While not as thick as the Great Smog of 1952, smog remains an issue in London. Shown here is compromised visibility from a smog episode in April 2011 (Matt Dunham/AP)

Sixty years ago this month (December), London was enveloped under a toxic mix of dense fog and sooty black smoke for four days. This episode of polluted air is among the deadliest environmental disasters in recorded history.

The event became known as the Great Smog of 1952. Over 4,000 more people died than usual for that time of year with an estimated 8,000 more fatalities in the following weeks from exposure to the noxious air pollution.

While not as deadly – and not as well-known - hundreds of deaths have been attributed directly to episodes of severe smog in the U.S. over the 60 intervening years - including three killer smog events in New York City.

The setup for the deadly London smog episode involved a stagnant very cold high pressure region that settled over the city December 5, 1962. Along with the usual factory emissions of coal smoke and soot, increasing burning of coal for home heating added to smoke levels pouring from chimneys. The meteorological conditions were favorable for fog formation and characterized by little wind to disperse smoke horizontally. In addition, an inversion above the surface trapped air from rising vertically. As such, the combination of smoke and fog inevitably led to an increasingly dense layer of smog.

Link: Pictures of 1952 London smog (BBC)

The choking smog enveloped the city for four days. In some places, even daytime visibility was so limited you couldn’t see your own feet. With near zero visibility, roads were littered with abandoned cars. Midday concerts and social events were cancelled due to total darkness and virtually all commerce was shut down.

People died in their homes and in the hospitals, mainly older audlt with existing cardio-respiratory illnesses. Amazingly it was reported that no one noticed the rising death toll: “There were bodies lying around the streets … One of the first indications that things were happening is that undertakers were running out of coffins, florists were running out of flowers,” writes Jennifer Rosenberg of About.com.

On December 9, wind swept in unexpectedly and the killer smog vanished as quickly as it had arrived.

Before the Great Smog of 1952, Londoners tended to accept pollution as part of life of the industrial age. Afterward, those who had survived no longer spoke of London’s romantic pea-soup fog. Rather, once the smog lifted they increasingly fought to limit the poisons emanated as side effects of industrialization. Environmental research subsequently increased awareness of the relationships between air quality and health. This led to the British Clean Air Act 1956.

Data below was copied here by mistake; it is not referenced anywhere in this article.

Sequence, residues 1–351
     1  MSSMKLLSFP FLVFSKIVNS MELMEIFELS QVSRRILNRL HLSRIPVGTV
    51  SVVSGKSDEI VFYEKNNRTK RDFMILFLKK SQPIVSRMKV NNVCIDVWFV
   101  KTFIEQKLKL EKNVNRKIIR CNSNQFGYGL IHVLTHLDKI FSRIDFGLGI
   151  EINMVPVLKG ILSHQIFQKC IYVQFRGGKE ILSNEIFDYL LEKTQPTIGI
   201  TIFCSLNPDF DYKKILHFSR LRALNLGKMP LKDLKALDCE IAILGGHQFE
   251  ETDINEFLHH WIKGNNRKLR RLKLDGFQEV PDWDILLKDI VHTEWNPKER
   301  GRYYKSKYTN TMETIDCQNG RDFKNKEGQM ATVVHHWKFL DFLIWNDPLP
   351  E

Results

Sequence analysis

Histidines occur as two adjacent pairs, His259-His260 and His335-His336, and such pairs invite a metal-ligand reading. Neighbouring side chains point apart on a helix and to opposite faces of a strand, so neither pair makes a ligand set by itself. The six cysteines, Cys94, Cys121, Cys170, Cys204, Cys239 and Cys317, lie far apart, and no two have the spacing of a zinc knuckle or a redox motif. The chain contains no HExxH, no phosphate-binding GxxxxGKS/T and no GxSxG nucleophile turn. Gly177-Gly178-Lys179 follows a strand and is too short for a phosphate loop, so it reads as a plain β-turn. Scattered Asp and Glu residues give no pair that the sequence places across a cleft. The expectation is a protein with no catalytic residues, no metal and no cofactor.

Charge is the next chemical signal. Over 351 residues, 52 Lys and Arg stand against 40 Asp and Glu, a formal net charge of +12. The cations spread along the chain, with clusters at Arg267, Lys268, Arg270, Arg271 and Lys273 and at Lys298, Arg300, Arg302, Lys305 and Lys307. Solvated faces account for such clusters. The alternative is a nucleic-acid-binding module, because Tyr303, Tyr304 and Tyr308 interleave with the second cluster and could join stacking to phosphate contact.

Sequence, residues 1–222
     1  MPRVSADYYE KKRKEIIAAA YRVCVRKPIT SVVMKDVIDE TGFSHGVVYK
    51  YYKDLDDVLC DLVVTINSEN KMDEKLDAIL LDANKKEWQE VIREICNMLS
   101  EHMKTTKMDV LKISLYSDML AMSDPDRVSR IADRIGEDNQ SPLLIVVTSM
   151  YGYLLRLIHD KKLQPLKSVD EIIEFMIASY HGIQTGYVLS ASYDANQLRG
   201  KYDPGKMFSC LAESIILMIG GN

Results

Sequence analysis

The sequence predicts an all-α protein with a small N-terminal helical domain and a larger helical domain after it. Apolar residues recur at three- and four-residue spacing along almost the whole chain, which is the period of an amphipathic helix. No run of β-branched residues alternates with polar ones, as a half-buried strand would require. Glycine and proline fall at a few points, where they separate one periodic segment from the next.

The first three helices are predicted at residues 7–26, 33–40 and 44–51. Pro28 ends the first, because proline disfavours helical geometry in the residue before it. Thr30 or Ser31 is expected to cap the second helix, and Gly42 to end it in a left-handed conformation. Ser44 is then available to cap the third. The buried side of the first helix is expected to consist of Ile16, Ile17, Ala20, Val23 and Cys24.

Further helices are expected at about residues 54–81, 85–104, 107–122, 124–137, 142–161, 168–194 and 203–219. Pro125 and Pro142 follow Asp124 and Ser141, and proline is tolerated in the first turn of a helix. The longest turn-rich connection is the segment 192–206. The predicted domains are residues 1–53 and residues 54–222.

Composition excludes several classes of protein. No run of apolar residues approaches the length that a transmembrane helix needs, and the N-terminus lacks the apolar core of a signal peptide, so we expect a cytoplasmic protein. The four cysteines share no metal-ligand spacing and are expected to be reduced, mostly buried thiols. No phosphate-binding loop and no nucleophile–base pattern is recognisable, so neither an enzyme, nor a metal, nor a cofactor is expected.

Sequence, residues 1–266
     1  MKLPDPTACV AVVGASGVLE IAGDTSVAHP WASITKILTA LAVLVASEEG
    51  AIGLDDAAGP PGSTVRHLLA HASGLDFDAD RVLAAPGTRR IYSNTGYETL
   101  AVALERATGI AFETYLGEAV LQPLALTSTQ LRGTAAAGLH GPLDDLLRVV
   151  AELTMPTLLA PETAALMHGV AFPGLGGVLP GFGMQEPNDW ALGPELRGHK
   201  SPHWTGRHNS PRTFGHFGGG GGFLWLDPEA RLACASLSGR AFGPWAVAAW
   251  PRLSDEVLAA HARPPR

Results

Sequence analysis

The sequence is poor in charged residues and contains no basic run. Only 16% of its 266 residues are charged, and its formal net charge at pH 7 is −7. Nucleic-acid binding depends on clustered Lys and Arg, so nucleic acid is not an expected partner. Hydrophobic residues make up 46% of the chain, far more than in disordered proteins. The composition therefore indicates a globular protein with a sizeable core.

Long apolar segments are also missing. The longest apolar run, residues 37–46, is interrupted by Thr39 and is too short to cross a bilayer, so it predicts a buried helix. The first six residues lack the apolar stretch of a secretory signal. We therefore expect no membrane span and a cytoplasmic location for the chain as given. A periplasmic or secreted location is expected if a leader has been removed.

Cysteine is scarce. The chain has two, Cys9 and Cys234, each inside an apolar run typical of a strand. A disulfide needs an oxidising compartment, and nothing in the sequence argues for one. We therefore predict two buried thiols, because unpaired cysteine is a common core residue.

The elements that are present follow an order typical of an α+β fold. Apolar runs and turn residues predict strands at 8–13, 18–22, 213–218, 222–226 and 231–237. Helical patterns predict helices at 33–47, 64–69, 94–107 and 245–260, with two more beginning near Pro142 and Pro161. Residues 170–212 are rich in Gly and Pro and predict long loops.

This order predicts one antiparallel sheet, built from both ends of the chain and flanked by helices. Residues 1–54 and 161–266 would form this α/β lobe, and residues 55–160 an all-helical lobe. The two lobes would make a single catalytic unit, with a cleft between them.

There has not been anything close to the scale of Great Smog in the decades following, but experts say the present levels of air pollution, although not as visible, may be just as much of a threat. A 2010 report to the UK Parliament found that in 2008 4,000 people died in London from air pollution (the same number from the Great Smog of 1952) and 30,000 died across the whole of the UK.

The culprit now, however, is not just burning of coal and the resulting smoke/soot, but also vehicle and industrial fossil fuel emissions. These emissions react chemically in the presence of sunlight to form ground-level ozone, or photochemical smog.

Like the smoke/soot smog that enveloped London, both soot and photochemical smog have been deadly in the U.S. In November 1953, smog killed between 170 and 260 people in NYC; 10 years later it killed 200; and in 1966 it killed 169 (sources Gothamist, New York Times).

Smog over New York City in 2006. (NASA)

These “horrors of New York’s environmental past” evoked congressional hearings to study the nature and sources of the smog and options for mitigating the hazards. Still, in 2006, the Environmental Protection Agency (EPA) declared, “that 68 out of every million New Yorkers are at risk for getting cancer just from breathing the air”.

Given that the Washington, D.C. metro region is known for some of the worst traffic in the country, it should not be surprising that the area is ranked also among the smoggiest metropolitan areas in the country.

The 2012 State of the Air Report from American Lung Association ranked Washington, D.C. 13th among the most polluted cities for ozone, and 22nd for short-term particle pollution (e.g. from soot). A 2011 report from Penn Environment ranked Washington, D.C. and Baltimore third smoggiest among major metropolitan areas.

I can personally attest to the elevated pollution levels locally with regard to my vulnerability to asthma attacks.

Although air pollution is certainly present both locally and elsewhere across the country, reforms under EPA’s Clean Air Act have resulted in demonstrable improvements in air quality in the last few decades. EPA’s most recent Air Trends report shows the national average ground level ozone concentration decreased 28 percent from 1980-2010 and large and small particle pollution also decreased substantially.

Despite these gains, Charles Connor, president of the American Lung Association said last spring “....America’s air quality standards are woefully outdated, and unhealthy levels of air pollution still exist across the nation, putting the health of millions of Americans at stake.”

In September 2011, facing stiff Republican opposition, President Obama decided to delay tightening the nation’s smog standards. On the other hand, just last week the Post’s Juliet Eilperin reported that EPA was tightening soot standards by 20 percent.

Jason Samenow contributed to this post